This bill allows for irrigation runoff of tertiary wastewater, including pesticides and herbicides applied to the irrigated landscape.  Tertiary wastewater itself contains remnant amounts of a vast array of chemicals (perhaps 80,000 of them), most of which are neither monitored or regulated by the State, and include such things as pharmaceuticals (including toxic cancer medications), personal care products, possible super bacteria (resistant to antibiotics), etc.

According to definitions on page 18 and 19 of the Bill, pesticides that runoff the land accidentally are considered hazardous substances and should not be allowed, except when they are less than the reportable amount.  If there is no reportable amount determined, then any runoff appears to be prohibited.  Incidental runoff is supposedly an accidental runoff and as such would not be allowed where pesticides are used.  Yet the implies that this is not the case and causes an apparent internal contradiction in the Bill that should be addressed.

We have been informed that in California, WINE GRAPES USE THE MOST PESTICIDES OF ANY OTHER CROP!!  So if irrigated wastewater is used on vineyards and allowed to runoff, we have a very toxic situation.  Luckily, most vineyards in our area use drip irrigation.  Hopefully that constrains the problem.  This legislation does appear inconsistent however.

The runoff of irrigated wastewater into our waterways is thought by many scientists to have dire effects on aquatic life, including threatened fish species.  This is compounded when the runoff carries with it the soil amendments, pesticides and herbicides applied to the irrigated landscape.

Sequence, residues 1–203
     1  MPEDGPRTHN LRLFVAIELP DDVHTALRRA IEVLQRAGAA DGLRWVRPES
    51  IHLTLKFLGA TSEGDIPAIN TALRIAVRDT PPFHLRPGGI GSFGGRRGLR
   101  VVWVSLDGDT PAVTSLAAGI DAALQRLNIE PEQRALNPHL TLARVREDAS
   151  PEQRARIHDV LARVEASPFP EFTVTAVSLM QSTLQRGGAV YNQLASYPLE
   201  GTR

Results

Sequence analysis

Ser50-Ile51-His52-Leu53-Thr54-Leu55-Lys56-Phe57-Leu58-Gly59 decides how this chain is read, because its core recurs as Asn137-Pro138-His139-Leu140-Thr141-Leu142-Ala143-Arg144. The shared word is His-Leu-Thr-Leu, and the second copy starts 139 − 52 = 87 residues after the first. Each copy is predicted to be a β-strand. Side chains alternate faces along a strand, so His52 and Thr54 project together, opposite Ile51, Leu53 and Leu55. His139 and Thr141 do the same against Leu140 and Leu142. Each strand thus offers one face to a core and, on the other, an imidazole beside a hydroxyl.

With the help of a friend, we obtained some statistics of pesticide and other use by Sonoma County vineyards.  In 2010 for instance, 7270 pounds of mancozeb were used.  This chemical is a water contaminent and listed as one of the ten worst by Pesticide Action Network.  In 2009, a total of almost 2,000,000 pounds of registered materials were used on vineyards in Sonoma County.  In 2010, 1,788,339 pounds of sulphur were used.  Generally considered benign, sulphur causes mercury to become methyl mercury which makes it bio available and far more dangerous to aquatic life.  The fish absorb the mercury, it bioaccumulates in the fish, people eat the fish, and voila! people are directly exposed to a very dangerous toxin.

Furthermore, no one really knows how these chemicals interact with one another or what the multiple effects might be.  Fish and aquatic life have to live full time in this chemical soup.  Humans may be exposed to dangerous chemicals through the fish they eat.

We know that these chemicals, many of which disrupt the endocrine system of humans and wildlife, and are known to cause birth defects, sexual anomolies, heart problems, cancer, especially of the reproductive system, obesity, diabetes and more.

Low dose impacts of endocrine disruptors….
The Bill relies on findings of the Scientific Panel who determined that monitoring of endocrine disruptors and constituents of emerging concern need not occur with recycled tertiary wastewater.  This is based on the assumption that the dose makes the poison and is contrary to recent scientific studies that prove the opposite, such as:

Hormones and Endocrine-Disrupting Chemicals: Low-Dose Effects and Nonmonotonic Dose Responses.  Study was developed and written by Laura N. Vandenberg, Theo Colborn, Tyrone B. Hayes, Jerrold J. Heindel, David R. Jacobs, Jr., Duk-Hee Lee, Toshi Shioda, Ana M. Soto, Frederick S. von Saal, Wade V. Welshones, R. Thomas Zoeller, and John Peterson Myers.

We attach several articles that explain the issue better than I can.

Thank you for taking the time to read and consider our concerns.


Brenda Adelman